1 Early days in Johannesburg
Anne and Webster had toured the Cape towards the end of 1955 with the Cape Town Symphony Orchestra and returned to the UK so that Webster could fulfil oratorio engagements over Christmas.8 November 1955
Towards the end of January 1956, they were back in South Africa to appear in major cities in the Transvaal, Kimberley, Bloemfontein, Port Elizabeth, East London, Durban, and Pietermaritzburg, before doing a tour of the country districts of the Transvaal. In this second tour, they were accompanied by Arthur Tatler on the piano. There was even a notice in The Rand Daily Mail advising people of the time of their plane’s arrival at 5.50 pm on Saturday afternoon 28 January.
They were entertained by the Mayor, Leslie Hurd, in the mayoral parlour. The Mayor spoke to the assembled gathering of local celebrities about the fact that he shared a Christian name with Webster.
The critics were rather severe in their judgement of their recital, viewing them as ballad singers rather than operatic singers, although both Dora Sowden from The Rand Daily Mail and Oliver Walker from The Star agreed that Anne and Webster knew how to charm their audiences. The writers of the “women’s’ pages” were much more enthusiastic about them. Amelia from the Women’s Journal in The Star gave a fulsome report of one of their concerts on 20 February 1956:
“When the two appeared in the City Hall on Thursday night the crowd was screaming to stamping stage with enthusiasm even though the artists had been most generous in their encores.
Miss Ziegler wore one of the lovely crinolines which she always chooses for stage appearances. This one had a black velvet bodice and a skirt of gold and black tissue brocade. With her diamond jewellery she was a scintillating figure under the lights.”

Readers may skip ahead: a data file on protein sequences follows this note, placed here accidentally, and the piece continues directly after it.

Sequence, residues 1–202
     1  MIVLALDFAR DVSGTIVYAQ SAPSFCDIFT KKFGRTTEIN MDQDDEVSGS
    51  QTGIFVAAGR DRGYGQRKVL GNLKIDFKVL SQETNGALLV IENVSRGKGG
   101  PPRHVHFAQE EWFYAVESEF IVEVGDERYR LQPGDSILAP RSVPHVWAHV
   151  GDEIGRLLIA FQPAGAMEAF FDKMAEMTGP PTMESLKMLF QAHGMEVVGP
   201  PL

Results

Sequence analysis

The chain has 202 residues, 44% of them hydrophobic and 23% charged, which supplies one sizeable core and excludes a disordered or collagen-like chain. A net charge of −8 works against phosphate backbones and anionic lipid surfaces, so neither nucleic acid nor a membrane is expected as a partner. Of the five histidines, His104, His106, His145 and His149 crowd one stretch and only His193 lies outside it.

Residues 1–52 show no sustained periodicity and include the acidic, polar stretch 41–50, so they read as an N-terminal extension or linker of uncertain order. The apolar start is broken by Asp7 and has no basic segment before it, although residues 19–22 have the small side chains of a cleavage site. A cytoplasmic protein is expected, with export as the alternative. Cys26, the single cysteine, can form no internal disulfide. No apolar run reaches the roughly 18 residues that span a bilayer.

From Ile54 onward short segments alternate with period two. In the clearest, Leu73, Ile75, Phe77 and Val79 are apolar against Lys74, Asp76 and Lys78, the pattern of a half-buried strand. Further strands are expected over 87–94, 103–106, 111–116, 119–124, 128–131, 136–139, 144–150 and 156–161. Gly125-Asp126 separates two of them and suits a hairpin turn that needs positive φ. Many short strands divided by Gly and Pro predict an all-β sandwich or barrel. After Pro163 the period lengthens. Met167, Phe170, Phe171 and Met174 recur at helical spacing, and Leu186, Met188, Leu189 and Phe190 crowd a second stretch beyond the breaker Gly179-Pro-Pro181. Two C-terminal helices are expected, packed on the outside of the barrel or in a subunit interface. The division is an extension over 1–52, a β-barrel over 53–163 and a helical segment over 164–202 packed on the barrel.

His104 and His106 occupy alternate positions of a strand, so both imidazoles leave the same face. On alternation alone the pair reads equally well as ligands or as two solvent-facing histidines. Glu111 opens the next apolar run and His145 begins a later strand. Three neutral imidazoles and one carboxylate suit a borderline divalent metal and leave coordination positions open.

They had made up their minds to settle in the country and returned to the UK merely to sort out their affairs and make arrangements to have their belongings shipped to South Africa. They travelled onboard the Pretoria Castle to Cape Town in July 1956. Before they went to Johannesburg they appeared in Spring Quartet in Cape Town under the direction of Leonard Schach.
A great fuss was made of them when they came to settle in Johannesburg. They stayed for several months at Dawson’s Hotel in Johannesburg while they looked for a suitable place to live. They eventually found a pleasant flat at Waverley, just off Louis Botha Avenue in Highlands North, where they lived until they bought their first house in Craighall Park several years later. They were lucky to obtain the services of Hilda, who hailed from the island of St Helena, to be their housekeeper. Hilda remained with them during their eleven years in Johannesburg.
They had an engagement to star in A Night in Venice with the Johannesburg Operatic Society in November, and Webster was asked to sing the tenor solo in Beethoven’s Ninth Symphony at a Symphony concert. The work was presented as part of the Johannesburg Festival to celebrate Johannesburg’s seventieth birthday. Sir Malcolm Sargent, who had conducted Webster at several concerts in London the previous year, conducted the concert, while the other soloists were Webster’s old friend, Betsy de la Porte (contralto), whom he remembered from his early days singing at Masonic dinners, Frederick Dalberg (bass) and the young coloratura soprano, Mimi Coertse, who was beginning to make a name for herself in Vienna.